;; ...produces the correct results:
#{{?x a, ?z c} {?x c, ?z a}}


Pre-constrains qvars to a set of possible values. Unlike the :filter option, which applies to results and allows a lot of flexibility through the use of expression syntax, specifying :values acts as pre-filter and is applied to index selection vertices, preceeding the query vertex in terms of data flow. Only literal values are supported for this option. Also, queries specifying this option are not re-usable, but in most circumstances are faster than post-filtered queries, since the initial set of matching facts is potentially much smaller.

;; query based on :filter example above
;; qvar ?a is pre-bound to values in given set
{:q [{:where [[?p type procedure] [?p date-created ?date]]}
     {:optional [[?p author ?a]]}]
 :values {?a #{alice bob charlie}}}


(defn compile-query-option
  [expr] (if (fn? expr) expr (compile-expr expr)))

(defn compile-result-order
  (if (fn? order)
    (if (sequential? order)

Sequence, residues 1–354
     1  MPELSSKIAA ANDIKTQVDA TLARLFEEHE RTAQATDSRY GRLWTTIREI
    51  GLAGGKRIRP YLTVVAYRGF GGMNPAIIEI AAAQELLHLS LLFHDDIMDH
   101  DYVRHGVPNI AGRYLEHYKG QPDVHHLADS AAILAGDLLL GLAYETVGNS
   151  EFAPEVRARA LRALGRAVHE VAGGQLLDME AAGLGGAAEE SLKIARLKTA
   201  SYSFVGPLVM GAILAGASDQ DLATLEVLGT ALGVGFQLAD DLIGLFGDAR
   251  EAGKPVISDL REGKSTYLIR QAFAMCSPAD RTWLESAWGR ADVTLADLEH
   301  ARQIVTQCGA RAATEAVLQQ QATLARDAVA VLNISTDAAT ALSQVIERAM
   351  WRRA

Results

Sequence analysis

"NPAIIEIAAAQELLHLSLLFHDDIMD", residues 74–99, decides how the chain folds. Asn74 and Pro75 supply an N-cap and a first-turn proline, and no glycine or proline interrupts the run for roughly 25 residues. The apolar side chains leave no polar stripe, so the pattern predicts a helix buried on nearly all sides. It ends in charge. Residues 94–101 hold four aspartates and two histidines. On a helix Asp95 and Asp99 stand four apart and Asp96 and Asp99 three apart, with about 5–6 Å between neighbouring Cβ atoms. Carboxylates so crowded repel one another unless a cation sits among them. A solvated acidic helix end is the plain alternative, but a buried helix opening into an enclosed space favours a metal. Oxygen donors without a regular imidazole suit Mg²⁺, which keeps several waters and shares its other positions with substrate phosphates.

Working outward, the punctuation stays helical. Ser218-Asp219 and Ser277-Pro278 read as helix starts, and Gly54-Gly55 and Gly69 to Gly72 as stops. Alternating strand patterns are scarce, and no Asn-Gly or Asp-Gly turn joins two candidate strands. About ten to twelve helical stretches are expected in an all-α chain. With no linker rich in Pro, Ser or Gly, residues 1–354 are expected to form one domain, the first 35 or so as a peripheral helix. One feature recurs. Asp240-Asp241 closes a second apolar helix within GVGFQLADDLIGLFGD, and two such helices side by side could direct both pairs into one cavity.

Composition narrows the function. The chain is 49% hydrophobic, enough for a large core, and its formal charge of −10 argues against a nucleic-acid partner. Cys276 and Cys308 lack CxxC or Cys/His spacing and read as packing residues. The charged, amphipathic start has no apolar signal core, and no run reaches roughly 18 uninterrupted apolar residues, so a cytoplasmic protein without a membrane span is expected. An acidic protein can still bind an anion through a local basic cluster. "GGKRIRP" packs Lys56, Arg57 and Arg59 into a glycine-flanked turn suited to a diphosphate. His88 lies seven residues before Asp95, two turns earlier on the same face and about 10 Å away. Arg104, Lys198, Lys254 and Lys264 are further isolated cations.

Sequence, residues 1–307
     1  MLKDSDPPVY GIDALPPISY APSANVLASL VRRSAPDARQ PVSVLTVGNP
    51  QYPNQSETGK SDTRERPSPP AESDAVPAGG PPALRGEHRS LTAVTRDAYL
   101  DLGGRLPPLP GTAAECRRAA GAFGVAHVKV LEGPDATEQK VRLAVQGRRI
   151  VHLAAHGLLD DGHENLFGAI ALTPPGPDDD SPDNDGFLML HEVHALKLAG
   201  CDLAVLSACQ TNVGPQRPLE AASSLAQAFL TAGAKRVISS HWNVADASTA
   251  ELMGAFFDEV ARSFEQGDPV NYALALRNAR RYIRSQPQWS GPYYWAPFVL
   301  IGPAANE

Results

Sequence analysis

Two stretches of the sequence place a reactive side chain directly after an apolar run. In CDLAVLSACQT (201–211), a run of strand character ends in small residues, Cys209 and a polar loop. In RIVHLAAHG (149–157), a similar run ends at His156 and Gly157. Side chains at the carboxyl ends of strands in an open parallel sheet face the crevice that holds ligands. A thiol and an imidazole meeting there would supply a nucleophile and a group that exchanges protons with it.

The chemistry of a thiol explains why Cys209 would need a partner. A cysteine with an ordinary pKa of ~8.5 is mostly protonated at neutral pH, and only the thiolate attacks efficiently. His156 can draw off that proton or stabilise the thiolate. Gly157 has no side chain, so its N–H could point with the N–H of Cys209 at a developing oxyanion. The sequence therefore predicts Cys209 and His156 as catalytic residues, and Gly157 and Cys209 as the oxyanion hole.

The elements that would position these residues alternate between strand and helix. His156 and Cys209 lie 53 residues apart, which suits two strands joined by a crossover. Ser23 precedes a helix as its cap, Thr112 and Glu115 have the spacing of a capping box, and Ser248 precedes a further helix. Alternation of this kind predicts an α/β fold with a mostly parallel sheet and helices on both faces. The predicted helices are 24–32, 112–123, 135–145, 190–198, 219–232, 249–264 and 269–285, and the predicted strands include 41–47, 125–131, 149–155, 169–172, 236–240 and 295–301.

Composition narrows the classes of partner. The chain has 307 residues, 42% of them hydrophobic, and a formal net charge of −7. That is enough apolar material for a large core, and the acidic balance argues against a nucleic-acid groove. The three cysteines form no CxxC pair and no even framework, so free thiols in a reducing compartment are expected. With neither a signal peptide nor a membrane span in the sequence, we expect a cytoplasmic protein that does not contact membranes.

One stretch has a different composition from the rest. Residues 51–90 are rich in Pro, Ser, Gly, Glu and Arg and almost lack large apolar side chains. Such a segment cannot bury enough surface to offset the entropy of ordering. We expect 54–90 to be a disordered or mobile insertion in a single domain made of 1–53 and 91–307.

(fn [r] (reduce #(conj % (get r %2)) [] order))
      (fn [r] (get r order)))))

(defn compile-query-bindings
  (let [binds (reduce-kv
               (fn [acc k v] (assoc acc k (compile-expr v)))
               {} binds)]
    (fn [res]
      (let [res'(reduce-kv
                 (fn [acc k f]
                   (assoc acc k (f acc)))
                 res binds)]
        (info :pre-bind res)
        (info :post-bind res')

(defn compile-result-aggregation
  (let [agg (reduce-kv
             (fn [acc k v] (assoc acc k (compile-expr v)))
             {} agg)]
    (fn [results]
       (fn [acc k afn]
         (assoc acc k (afn results)))
       {} agg))))

(defn compile-result-grouping
  (if (fn? group)
      (and (sequential? group) (every? ff/qvar? group))
      (fn [r] (reduce #(conj % (get r %2)) [] group))

      (ff/qvar? group)
      (fn [r] (get r group))

      (compile-expr group))))

(defn sub-query-options
  [opts spec]
  (-> opts
      (select-keys [:filter :limit :select :unique :bind :values])
      (update :filter #(if % (compile-query-option %)))
      (update :bind #(if % (compile-query-bindings %)))
      (update :values #(or % (:values spec)))))

(defmulti compile-sub-query